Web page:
Sampling Rows using the SAMPLE Function Teradata

Compatibility: Teradata Extension

The Sampling function (SAMPLE) permits a SELECT to randomly return rows from a Teradata database table. It allows the request to specify either an absolute number of rows or a percentage of rows to return. Additionally, it provides an ability to return rows from multiple samples.

The syntax for the SAMPLE function:

The next SELECT uses the SAMPLE to get a random sample of the sales table:

SELECT * FROM student_course_tableSAMPLE 5; 5 Rows Returned

SAMPLE to get a random sample of the sales table

This next SELECT uses the SAMPLE function to request multiple samples to create a derived table (cover later). Then, the unique rows will be counted to show the random quality of the SAMPLE function:

1 Row Returned

count(distinct(course_id)

4

In the above execution, all five rows contained a different data value in the course ID. A second run of the same SELECT might very well yield these results:

1 Row Returned

count(distinct(course_id)
5

Sometimes, a single sampling of the data is not sufficient. The SAMPLE function can be used to request more than one sample by listing either the number of rows or the percentage of the rows to be returned.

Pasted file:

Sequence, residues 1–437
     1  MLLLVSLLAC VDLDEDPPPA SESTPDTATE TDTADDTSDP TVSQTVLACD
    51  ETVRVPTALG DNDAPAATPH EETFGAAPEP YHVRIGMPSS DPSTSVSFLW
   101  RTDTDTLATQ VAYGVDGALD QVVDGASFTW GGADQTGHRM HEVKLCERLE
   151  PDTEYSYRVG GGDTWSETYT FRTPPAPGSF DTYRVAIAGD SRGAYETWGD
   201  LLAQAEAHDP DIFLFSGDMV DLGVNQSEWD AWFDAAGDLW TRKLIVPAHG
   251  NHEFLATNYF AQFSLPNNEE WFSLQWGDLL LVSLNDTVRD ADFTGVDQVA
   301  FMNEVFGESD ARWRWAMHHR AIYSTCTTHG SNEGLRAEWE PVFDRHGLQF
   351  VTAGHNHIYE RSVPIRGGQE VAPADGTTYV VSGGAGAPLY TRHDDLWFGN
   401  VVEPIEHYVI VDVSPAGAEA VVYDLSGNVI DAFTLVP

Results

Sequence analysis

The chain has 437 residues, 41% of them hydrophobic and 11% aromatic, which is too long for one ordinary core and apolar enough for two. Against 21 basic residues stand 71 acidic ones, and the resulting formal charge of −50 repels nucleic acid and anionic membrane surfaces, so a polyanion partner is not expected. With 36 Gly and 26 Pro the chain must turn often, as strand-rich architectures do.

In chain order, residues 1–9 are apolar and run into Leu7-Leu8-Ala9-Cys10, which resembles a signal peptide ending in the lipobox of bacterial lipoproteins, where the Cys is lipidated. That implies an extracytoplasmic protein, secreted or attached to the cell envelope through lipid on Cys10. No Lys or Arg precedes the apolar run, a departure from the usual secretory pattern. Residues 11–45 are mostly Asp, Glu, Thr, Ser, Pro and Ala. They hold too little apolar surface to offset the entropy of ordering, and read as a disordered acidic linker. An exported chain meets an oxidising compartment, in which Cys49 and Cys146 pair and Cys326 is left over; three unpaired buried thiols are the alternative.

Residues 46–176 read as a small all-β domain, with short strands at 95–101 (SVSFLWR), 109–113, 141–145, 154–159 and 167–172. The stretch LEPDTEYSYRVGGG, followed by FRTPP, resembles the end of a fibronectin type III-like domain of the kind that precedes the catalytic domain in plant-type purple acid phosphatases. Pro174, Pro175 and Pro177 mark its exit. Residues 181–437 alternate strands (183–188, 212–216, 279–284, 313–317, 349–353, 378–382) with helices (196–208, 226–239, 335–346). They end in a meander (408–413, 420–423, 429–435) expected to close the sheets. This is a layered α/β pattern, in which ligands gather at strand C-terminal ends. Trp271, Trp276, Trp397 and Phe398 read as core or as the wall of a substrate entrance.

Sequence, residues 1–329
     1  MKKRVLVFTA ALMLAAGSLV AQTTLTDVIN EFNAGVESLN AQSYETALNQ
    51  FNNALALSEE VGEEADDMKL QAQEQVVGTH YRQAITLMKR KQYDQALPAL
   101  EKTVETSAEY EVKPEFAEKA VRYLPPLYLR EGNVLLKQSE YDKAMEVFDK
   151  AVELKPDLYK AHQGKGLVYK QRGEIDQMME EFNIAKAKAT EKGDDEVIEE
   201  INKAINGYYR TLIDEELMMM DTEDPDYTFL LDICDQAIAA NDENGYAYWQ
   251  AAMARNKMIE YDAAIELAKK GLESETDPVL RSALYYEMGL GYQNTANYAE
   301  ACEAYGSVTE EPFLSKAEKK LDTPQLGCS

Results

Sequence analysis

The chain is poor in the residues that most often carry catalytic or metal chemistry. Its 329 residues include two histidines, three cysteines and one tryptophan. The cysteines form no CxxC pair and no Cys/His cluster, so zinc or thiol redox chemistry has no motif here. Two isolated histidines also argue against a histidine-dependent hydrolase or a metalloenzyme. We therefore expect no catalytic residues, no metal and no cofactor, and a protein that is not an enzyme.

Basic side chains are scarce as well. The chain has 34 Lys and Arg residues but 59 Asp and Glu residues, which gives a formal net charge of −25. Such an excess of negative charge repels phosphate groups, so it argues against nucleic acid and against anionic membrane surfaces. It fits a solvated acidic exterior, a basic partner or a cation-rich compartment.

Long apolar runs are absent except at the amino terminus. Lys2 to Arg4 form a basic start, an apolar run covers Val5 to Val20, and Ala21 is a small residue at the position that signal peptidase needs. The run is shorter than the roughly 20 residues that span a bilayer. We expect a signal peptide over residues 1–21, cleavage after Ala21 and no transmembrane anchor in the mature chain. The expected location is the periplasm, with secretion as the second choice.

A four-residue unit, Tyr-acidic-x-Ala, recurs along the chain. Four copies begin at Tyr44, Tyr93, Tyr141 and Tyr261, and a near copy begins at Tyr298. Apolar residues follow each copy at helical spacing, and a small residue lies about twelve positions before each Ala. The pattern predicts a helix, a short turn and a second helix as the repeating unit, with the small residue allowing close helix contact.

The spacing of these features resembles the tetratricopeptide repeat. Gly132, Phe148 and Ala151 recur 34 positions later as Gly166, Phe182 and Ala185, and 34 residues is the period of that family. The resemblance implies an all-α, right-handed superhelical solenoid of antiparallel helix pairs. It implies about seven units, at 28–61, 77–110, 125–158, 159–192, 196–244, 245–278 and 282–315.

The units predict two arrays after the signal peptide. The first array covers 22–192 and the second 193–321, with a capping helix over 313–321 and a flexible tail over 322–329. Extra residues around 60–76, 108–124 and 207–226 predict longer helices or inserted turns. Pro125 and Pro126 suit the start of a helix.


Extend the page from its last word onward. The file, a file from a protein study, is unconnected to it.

The next SELECT uses the SAMPLE function to request multiple samples:

8 Rows Returned

SAMPLE function to request multiple samples

Although multiple samples were taken, the rows came back as a single answer set consisting of 50% (.25 + .25) of the data. When it is necessary to determine which rows came from which sample, the SAMPLEID column name can be used to distinguish between each sample.

This SELECT uses the SAMPLE function with the SAMPLEID to request multiple samples and denote which sample each row came from:


14 Rows Returned

SAMPLE function with the SAMPLEID to request multiple samples

Since the previous request asks for more rows than are currently in the table, a warning message 7473 is received. Regardless, it is only a warning and the SELECT works and all rows are returned. If there is any doubt in the number of rows, instead of using a fixed number and receiving the warning message, the use of percentage is a better choice.

The next SELECT uses the SAMPLE function with the SAMPLEID to request multiple samples as a percentage and denotes which sample each row came from:

14 Rows Returned

SAMPLE function with the SAMPLEID to request multiple samples
SAMPLE function with the SAMPLEID to request multiple samples

Since SAMPLEID is a column, it can be used as the sort key.

The OLAP functions provide some very interesting and powerful functionality for examining and evaluating data. They provide an insight into the data that was not easily obtained prior to these functions.

Although they look like Aggregates, they are not normally compatible with them in the same SELECT list. As demonstrated here, aggregation can be performed, however, they must be calculated in a temporary or derived table.



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